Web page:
Lots of people have hiking checklists. Lots of people ask what they should bring when hiking. The answer is, it depends. It depends on many factors: expected and possible weather, duration of your hike, type of terrain/conditions, etc.
Of course, as a base, you can start with the “ten essentials”, but even these vary based on the above factors. I like the ten essential lists that have categories rather than set items, so you can vary what you bring as needed.
That said, I roughly have three lists. They all start with what I call my “Dayhike checklist”. For me, typically hiking in the White Mountains, these are my bare essentials. I have my backpacking list, which is everything from my dayhike list plus items specific to backpacking. Lastly, I have my winter list, which again starts with everything from my dayhike list plus items specifically for winter. I lied, I also have a fourth list, which I always bring with me and that is my Car list. That list is stuff that is in the car, either in case of emergency or for before/after the hike. Please note these are MY lists, what works for you may (and likely will) be entirely different. Some people bring way more, some people bring way less. This is what I bring for my safety and comfort hiking in the White Mountains. I do often change these lists, and as budget allows try to replace things with lighter versions (my next big purchases will be new packs or poles).
My Dayhike Checklist:
I try to break things into mini “kits”, so they are easy to find in my pack and like things are together. Also for something like my toilet kit, I can just grab that and take it with me. Excluding my poles, food and water, and my fleece/jacket, this all comes to roughly 8 pounds (including the pack itself). Lighterpack list, if you’re interested.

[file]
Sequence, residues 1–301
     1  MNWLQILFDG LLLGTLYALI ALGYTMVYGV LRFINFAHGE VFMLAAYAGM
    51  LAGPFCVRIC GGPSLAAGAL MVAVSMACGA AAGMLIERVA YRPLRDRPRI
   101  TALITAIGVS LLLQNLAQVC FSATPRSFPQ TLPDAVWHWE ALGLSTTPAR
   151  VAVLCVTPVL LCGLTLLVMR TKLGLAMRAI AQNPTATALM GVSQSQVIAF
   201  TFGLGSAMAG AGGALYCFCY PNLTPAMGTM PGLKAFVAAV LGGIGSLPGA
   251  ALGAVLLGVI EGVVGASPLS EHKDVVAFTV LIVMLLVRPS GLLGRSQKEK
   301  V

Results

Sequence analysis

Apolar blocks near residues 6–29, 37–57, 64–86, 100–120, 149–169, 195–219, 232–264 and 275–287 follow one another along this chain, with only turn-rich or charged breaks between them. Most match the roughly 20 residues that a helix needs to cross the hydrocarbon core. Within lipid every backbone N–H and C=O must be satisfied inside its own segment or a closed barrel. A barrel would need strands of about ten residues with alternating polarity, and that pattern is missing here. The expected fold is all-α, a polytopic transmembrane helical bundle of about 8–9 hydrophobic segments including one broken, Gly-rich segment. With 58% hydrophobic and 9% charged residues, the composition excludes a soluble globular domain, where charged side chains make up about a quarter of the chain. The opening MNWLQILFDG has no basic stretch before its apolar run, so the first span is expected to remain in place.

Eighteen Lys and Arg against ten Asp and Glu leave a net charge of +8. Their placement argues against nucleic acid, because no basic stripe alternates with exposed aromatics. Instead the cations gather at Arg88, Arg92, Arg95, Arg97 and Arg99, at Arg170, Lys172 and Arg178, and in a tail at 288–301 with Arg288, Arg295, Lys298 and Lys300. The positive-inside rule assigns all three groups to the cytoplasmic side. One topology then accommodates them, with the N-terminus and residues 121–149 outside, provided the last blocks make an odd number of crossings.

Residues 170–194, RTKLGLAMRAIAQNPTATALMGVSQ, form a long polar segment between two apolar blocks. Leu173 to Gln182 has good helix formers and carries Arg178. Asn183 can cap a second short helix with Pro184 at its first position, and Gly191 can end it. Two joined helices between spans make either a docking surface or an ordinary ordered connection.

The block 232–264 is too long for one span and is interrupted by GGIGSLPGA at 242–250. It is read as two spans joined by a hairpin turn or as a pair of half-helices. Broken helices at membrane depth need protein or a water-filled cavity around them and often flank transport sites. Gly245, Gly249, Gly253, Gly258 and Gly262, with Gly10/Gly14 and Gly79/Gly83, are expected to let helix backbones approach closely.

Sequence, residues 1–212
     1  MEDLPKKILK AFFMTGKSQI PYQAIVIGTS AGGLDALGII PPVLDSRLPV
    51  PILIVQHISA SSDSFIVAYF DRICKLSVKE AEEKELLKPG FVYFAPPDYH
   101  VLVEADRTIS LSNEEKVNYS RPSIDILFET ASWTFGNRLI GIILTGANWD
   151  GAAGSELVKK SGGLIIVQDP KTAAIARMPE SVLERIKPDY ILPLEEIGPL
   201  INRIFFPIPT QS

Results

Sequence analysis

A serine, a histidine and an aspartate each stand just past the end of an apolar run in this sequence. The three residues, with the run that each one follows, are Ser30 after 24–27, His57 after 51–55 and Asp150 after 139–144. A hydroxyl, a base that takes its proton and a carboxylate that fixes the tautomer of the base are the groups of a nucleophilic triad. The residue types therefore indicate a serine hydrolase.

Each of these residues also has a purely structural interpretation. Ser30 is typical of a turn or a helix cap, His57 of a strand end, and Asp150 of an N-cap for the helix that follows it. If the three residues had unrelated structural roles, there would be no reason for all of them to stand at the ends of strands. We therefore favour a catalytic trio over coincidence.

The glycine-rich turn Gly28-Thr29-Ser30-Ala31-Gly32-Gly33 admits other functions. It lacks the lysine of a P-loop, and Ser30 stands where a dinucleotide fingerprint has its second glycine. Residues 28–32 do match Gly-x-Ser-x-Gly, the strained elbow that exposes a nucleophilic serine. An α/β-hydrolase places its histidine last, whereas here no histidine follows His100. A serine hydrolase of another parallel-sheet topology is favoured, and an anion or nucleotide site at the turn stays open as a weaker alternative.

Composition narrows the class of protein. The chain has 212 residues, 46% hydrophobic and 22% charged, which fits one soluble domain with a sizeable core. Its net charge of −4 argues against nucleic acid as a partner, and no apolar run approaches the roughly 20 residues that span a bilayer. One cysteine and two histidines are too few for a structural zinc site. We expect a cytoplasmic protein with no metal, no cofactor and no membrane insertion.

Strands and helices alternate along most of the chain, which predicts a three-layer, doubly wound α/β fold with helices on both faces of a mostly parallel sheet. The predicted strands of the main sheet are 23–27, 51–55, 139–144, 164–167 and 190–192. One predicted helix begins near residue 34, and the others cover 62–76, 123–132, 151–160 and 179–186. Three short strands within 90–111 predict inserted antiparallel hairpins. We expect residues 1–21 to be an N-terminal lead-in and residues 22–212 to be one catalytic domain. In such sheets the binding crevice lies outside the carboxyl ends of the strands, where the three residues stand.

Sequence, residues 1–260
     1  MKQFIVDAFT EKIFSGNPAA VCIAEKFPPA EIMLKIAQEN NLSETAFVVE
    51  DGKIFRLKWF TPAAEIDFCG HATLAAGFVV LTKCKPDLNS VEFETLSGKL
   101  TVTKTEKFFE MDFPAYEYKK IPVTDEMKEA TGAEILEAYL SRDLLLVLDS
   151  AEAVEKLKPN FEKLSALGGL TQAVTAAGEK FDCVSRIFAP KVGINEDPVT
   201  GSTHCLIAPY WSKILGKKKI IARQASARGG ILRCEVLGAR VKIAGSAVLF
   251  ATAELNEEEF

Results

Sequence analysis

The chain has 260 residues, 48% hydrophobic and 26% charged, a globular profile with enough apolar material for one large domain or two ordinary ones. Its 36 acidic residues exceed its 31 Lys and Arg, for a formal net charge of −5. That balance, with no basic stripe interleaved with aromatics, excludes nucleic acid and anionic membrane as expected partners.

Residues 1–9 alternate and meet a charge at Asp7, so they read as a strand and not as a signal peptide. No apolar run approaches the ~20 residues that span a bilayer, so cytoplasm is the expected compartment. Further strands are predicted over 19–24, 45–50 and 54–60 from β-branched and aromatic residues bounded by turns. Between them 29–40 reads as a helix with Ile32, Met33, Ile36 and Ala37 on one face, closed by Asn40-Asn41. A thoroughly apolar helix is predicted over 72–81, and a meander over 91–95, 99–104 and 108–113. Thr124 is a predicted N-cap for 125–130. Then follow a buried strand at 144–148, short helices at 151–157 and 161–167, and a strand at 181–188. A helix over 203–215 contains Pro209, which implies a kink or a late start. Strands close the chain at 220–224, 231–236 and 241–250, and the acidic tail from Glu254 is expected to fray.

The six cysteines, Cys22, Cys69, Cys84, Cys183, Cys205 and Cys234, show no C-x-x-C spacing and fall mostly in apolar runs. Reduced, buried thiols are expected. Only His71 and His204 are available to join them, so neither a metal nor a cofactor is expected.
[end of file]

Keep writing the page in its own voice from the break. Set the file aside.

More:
- Emergency blanket (like they give marathoners), headlamp, headlamp batteries, matches (in a ziplock), multitool
- bandaids, ibuprofin, ace bandage, moleskine (or other blister protection), rubber gloves, and hand sanitizer
- hand sanitizer, paper towels or toilet paper, poop shovel, she-wee, bag to pack out trash, rubber gloves
- Everything else
- navigation description, actual paper map, compass, sun block, sun glasses, hat, fleece and/or rain jacket, bug net, bug spray, water filter, whistle, buff(s), bag to line pack, extra pair of socks, trash bag to pack out my trash and trash I pick up on the trail, phone, charger, bear spray, trekking poles, duct tape on poles, snacks, and water
My Backpacking List:
Again, this includes everything from my dayhike list AND the items below. I also use a different pack (a bigger one). All of this (again excluding clothes, poles, food and water) comes to roughly 18 pounds. Lighterpack list, if you’re interested.
- Hammock (with bugnet, tarp, stakes, cording, etc)
- Sleeping pad (not necessary for sleeping in a hammock, but in the event I need to “go to ground”, I won’t have to sleep directly on hard ground)
- Sleeping bag (this will soon get swapped for an overquilt and an underquilt)
- Stove and fuel
- Long spoon
- Night clothes (kept clean and dry, not warn on trail, though on a two day hike may just be next day’s clothes)
- Flip flops (for hanging around camp)
- Ear plugs
- Toothbrush, cotton balls soaked in witch hazel, quick dry cloth
- Additional food for meals
- Bear bag
- Optional: mug, instant coffee, and instant creamer
My Winter List:
Everything from dayhike list plus the items below. I use my backpacking pack to hold all the necessary clothing. I haven’t weighed this yet, possibly because I don’t want to know the answer. *insert laugh/cry emoji* (No lighterpack list yet, again because I don’t want to weigh this stuff).
- Gloves, both liner and outer, plus extra pair
- Outer wind/rain shell jacket and pants
- Puffy warm jacket
- Extra outfit
- Water bottles in insulation (versus summer water bladder, it will freeze in winter)
- Emergency bivy
- At least two hats
- Neck warmer
- Extra socks and liners
- Hand warmers (both for me and for my phone, water, and snacks)
- Thermos with warm drink
- Extra phone chargers
- If solo winter hiking, also bring stove and sleeping bag for emergency
Lastly, my car list:
I didn’t weigh this because it doesn’t matter, it’s in my car.
- Itinerary left in car in case of emergency
- Itinerary left with a friend (OK this isn’t technically in my car, but I still have it on my checklist)
- Trash bags
- Change of clothes
- Wet towel (amazing in summer to wipe off the sweat and dirt)
- Flip flops
- Additional drinks
- Additional snacks
- Cat litter (in winter)
- Shovel (in winter)